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Posts tagged with "airplay"

Kickstarter: The playGo AP1 AirPlay and DLNA Wireless Receiver

If you want an AirPlay receiver on the cheap, you can't go wrong with Apple's AirPort Express, a $99 dollar portable wireless access point (great for an apartment or traveling business person) that has a 3.5mm minijack for an audio or optical connection to a pair of speakers or your home receiver. For another hundred bucks (as a part of being an early adopter), you could fair even better with playGo's audio-centric playGo AP1: an AirPlay and DLNA receiver that can output lossless audio through analog RCA outputs, a 3.5mm minijack, or TOSLINK to your preferred thumpers of choice.
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Mirroring Multiple iOS Devices To A Mac: Comparing AirServer and Reflection

In my review of AirFoil Speakers Touch 3.0, I wrote about AirPlay:

Ever since developers started reverse-engineering the AirPlay protocol that Apple introduced with iOS 4.2 in November 2010, we have seen all kinds of possible implementations of Apple’s streaming technology being ported to a variety of devices, for multiple purposes and scenarios. From tools to turn Macs into AirPlay receivers for audio, video, iOS Mirroring sessions, then a combination of all them, to more or less Apple-approved “AirPlay audio receivers” sold in the App Store, then pulled, then released in Cydia, the past two years have surely been interesting for AirPlay.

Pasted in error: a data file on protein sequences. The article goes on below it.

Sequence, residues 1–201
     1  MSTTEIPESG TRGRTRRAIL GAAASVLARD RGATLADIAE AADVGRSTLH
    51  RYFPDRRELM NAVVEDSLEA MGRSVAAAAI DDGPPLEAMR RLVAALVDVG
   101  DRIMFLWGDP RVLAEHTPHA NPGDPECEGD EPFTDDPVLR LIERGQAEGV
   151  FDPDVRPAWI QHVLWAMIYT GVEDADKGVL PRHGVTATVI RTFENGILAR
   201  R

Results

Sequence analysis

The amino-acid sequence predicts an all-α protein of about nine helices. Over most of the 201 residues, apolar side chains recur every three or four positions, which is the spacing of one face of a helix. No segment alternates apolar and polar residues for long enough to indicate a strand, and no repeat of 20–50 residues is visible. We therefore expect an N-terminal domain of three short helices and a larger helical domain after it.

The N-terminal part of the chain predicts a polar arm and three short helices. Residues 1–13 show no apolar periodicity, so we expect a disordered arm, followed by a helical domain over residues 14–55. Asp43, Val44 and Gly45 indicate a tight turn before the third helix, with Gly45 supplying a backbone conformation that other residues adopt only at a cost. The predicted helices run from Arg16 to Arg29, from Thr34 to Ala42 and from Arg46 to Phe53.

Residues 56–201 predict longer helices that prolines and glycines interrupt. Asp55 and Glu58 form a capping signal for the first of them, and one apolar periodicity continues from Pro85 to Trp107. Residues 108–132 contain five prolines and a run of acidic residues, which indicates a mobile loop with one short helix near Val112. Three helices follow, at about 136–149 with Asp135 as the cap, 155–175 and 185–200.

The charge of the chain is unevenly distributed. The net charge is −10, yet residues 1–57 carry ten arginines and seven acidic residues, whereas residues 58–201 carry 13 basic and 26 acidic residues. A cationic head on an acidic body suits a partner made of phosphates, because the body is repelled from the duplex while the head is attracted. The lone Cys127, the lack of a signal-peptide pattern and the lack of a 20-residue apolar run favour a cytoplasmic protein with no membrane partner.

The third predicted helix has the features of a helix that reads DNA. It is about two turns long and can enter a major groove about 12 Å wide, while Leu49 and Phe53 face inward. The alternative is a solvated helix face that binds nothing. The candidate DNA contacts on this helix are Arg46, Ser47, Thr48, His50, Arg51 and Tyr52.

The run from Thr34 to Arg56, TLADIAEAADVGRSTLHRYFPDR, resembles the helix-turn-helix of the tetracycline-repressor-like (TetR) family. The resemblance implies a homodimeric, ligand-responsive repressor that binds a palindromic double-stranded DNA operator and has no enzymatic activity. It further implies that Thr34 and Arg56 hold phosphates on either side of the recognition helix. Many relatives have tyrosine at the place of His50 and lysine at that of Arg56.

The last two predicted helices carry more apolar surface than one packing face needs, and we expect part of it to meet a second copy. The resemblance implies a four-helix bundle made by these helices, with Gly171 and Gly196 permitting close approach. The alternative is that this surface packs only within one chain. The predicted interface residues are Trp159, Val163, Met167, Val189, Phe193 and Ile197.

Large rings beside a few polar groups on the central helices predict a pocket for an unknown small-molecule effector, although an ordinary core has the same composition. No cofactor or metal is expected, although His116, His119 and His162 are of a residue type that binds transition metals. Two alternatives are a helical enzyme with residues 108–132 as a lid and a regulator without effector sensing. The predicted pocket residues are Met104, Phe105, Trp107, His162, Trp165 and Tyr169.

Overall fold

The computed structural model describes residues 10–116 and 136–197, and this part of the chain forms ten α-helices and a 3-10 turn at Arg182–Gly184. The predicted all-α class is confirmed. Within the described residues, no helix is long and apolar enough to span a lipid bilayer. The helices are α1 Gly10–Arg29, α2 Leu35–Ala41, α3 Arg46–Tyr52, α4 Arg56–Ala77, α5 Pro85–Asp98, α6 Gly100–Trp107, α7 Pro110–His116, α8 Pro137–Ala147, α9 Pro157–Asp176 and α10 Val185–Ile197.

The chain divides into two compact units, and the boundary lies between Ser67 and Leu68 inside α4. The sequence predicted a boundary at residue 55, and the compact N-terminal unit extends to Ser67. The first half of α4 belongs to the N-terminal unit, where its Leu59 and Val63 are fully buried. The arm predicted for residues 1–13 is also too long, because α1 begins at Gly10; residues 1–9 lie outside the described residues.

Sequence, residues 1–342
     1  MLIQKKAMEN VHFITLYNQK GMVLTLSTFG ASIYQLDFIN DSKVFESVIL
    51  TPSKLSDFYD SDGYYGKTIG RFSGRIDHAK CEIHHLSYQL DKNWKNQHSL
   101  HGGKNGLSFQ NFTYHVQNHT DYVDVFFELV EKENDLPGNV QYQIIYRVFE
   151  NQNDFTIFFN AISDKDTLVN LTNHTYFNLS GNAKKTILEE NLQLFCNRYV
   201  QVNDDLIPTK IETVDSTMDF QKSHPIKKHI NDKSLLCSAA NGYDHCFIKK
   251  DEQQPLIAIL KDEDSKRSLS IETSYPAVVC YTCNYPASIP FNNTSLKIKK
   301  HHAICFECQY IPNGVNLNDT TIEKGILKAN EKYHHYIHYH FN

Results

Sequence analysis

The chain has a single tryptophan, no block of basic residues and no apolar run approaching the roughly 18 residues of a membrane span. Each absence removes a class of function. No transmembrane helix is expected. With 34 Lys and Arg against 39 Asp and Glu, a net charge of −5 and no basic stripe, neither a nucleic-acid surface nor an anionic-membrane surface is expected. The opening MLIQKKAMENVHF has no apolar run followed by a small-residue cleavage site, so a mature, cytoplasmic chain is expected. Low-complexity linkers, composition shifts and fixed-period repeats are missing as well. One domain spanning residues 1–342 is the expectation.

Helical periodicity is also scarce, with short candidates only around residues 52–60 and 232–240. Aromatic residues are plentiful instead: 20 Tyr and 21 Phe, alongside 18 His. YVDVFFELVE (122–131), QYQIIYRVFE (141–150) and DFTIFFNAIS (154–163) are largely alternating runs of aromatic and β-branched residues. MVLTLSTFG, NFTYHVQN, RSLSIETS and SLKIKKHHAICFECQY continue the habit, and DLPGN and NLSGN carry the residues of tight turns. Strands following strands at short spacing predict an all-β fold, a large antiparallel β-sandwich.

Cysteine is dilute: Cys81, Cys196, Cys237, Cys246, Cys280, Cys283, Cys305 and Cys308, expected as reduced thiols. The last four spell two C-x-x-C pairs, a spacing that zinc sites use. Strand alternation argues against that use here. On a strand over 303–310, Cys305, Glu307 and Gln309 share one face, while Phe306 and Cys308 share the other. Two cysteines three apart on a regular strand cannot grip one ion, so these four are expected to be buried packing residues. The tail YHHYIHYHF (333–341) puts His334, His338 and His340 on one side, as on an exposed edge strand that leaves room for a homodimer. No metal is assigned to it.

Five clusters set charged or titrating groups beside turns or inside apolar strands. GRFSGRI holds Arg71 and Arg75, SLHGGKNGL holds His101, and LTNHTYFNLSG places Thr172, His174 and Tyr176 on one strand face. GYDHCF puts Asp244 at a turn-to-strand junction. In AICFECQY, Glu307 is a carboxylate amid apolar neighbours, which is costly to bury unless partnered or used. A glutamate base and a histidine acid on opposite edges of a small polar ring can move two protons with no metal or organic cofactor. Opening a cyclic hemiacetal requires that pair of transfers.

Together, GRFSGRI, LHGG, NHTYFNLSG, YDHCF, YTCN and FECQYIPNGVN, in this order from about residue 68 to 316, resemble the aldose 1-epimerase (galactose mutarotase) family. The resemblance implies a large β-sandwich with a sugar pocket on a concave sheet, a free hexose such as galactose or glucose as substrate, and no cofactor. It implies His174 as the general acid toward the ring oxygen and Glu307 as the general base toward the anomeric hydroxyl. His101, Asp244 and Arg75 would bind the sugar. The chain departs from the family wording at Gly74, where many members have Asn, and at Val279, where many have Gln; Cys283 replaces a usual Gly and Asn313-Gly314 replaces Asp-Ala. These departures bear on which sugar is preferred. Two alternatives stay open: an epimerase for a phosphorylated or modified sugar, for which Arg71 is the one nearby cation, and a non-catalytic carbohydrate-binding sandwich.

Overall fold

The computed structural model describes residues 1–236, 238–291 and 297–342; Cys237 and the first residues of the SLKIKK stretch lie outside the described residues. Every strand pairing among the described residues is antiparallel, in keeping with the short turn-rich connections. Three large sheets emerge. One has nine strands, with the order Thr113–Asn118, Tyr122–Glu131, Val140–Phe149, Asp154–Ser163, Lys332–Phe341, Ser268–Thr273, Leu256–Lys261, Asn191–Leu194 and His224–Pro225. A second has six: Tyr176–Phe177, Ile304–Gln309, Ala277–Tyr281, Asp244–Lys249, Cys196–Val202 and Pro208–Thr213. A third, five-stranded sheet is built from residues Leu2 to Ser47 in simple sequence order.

The past few months have indeed seen a surge of AirPlay-compatible desktop utilities and apps that take advantage of Apple's technology for audio and video streaming. From games enhanced with AirPlay to enable new controls and interactions, to several desktop utilities that are now connecting Macs and Apple TVs with AirPlay, there's plenty of options out there to beam images and audio to devices running iOS or OS X.

AirServer was one of the first applications to bring proper AirPlay support to the Mac, initially only with audio and video, then iOS 5 and Lion, and, around the time Reflection also came out, AirPlay Mirroring. Recently, the AirServer team made some major changes to the way AirServer handles AirPlay Mirroring (our overview) on OS X with multiple iOS devices, so I thought it'd be appropriate to give the app a second try. At the same time, I figured I hadn't used Reflection much since it came out two months ago; I installed both the latest AirServer and Reflection on my iMac and MacBook Air, and tested multiple iOS devices with AirPlay Mirroring enabled at the same time. Read more